P3HT Molecular Weight Determines the Performance of P3HT:O-IDTBR Solar Cells
AuthorsKhan, Jafar Iqbal
Alamoudi, Maha A
Nabi, Mohammed N.
Mohammed, Hamza N.
Anthopoulos, Thomas D.
KAUST DepartmentChemical Science Program
KAUST Solar Center (KSC)
Material Science and Engineering Program
Physical Science and Engineering (PSE) Division
The KAUST School
KAUST Grant NumberFCS/1/3321/01
Permanent link to this recordhttp://hdl.handle.net/10754/652875
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AbstractLarge-scale production of organic solar modules requires low-cost and reliable materials with reproducible batch-to-batch properties. In case of polymers, their (photo)physical properties depend strongly on the polymers’ molecular weight. Here, we study the impact of the molecular weight of the donor polymer poly(3-hexylthiophene) (P3HT) on the photophysics in blends with a recently-developed rhodanine-endcapped indacenodithiophene non-fullerene acceptor (IDTBR), a bulk heterojunction system that can potentially fulfill the aforementioned criteria for large-scale production. We find that the power conversion efficiency (PCE) increases when the weight-average molecular weight (MW) is increased from 17kDa (PCE: 4.0%) to 34 kDa (PCE: 6.6%), while a further increase in MW leads to a reduced PCE of 4.4%. We demonstrate that the charge generation efficiency, as estimated from time-delayed collection field (TDCF) experiments, varies with the P3HT molecular weight and is the reason for the differences in photocurrent and device performance. Our findings provide insight into the fundamental photophysical reasons of the molecular weight dependence of the power conversion efficiency, which has to be taken into account when using polymer-based non-fullerene acceptor blends in solar cell devices and modules.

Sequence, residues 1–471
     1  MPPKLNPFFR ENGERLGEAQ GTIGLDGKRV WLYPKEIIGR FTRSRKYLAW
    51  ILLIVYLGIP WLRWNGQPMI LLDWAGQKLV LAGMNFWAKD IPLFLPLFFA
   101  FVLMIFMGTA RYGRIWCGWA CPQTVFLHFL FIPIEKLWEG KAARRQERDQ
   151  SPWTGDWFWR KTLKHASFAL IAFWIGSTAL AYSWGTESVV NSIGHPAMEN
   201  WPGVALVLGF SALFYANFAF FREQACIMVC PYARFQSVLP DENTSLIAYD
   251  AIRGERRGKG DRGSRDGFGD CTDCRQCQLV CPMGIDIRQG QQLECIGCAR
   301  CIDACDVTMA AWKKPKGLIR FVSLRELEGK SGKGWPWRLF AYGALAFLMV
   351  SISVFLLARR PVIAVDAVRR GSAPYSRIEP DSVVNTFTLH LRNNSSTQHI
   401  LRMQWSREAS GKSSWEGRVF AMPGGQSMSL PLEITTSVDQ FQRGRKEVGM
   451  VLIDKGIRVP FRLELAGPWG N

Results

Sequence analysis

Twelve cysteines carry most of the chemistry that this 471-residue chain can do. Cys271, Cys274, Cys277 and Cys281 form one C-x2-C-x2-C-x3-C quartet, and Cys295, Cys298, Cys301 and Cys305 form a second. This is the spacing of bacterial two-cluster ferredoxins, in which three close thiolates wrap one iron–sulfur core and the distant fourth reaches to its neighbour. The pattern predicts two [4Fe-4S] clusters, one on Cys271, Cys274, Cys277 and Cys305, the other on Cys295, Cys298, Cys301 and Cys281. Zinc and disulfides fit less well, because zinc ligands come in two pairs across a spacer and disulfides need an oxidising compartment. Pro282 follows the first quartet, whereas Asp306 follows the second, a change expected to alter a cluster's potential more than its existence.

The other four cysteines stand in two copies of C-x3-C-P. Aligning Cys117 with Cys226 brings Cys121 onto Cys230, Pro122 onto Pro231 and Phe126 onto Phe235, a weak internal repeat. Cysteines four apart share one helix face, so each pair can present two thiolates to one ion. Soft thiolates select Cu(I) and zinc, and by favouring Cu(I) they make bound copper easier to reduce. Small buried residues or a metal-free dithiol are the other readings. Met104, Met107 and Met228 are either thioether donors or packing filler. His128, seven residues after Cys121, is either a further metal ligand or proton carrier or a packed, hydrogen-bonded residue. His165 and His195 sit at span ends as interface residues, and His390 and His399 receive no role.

CitationKhan JI, Ashraf RS, Alamoudi MA, Nabi MN, Mohammed HN, et al. (2019) P3HT Molecular Weight Determines the Performance of P3HT:O-IDTBR Solar Cells. Solar RRL. Available: http://dx.doi.org/10.1002/solr.201900023.
SponsorsThe research reported in this publication was supported by the Office of Sponsored Research (OSR) under the Grant Agreement FCS/1/3321/01 and by baseline funding from the King Abdullah University of Science and Technology (KAUST). M. A. A. is grateful to Saudi Basic Industries Corporation (SABIC) for funding received towards the PhD. H.N.M. thanks the KAUST SRSI program for support.J.I.K. and R.S.A. contributed equally to the work.